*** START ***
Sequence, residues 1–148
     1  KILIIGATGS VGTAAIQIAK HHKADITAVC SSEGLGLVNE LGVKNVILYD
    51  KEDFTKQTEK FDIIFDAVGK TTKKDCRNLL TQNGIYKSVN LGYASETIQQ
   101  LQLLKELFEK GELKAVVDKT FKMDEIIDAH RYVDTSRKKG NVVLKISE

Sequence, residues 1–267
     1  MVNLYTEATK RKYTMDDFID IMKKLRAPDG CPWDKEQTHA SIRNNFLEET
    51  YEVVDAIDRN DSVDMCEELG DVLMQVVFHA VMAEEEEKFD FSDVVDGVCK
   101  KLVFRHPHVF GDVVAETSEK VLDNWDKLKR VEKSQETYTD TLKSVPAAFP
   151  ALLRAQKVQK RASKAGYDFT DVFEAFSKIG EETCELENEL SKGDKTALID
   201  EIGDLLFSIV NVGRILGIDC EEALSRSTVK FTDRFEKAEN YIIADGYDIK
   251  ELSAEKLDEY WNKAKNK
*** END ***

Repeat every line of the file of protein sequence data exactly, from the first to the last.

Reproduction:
Sequence, residues 1–148
     1  KILIIGATGS VGTAAIQIAK HHKADITAVC SSEGLGLVNE LGVKNVILYD
    51  KEDFTKQTEK FDIIFDAVGK TTKKDCRNLL TQNGIYKSVN LGYASETIQQ
   101  LQLLKELFEK GELKAVVDKT FKMDEIIDAH RYVDTSRKKG NVVLKISE

Sequence, residues 1–267
     1  MVNLYTEATK RKYTMDDFID IMKKLRAPDG CPWDKEQTHA SIRNNFLEET
    51  YEVVDAIDRN DSVDMCEELG DVLMQVVFHA VMAEEEEKFD FSDVVDGVCK
   101  KLVFRHPHVF GDVVAETSEK VLDNWDKLKR VEKSQETYTD TLKSVPAAFP
   151  ALLRAQKVQK RASKAGYDFT DVFEAFSKIG EETCELENEL SKGDKTALID
   201  EIGDLLFSIV NVGRILGIDC EEALSRSTVK FTDRFEKAEN YIIADGYDIK
   251  ELSAEKLDEY WNKAKNK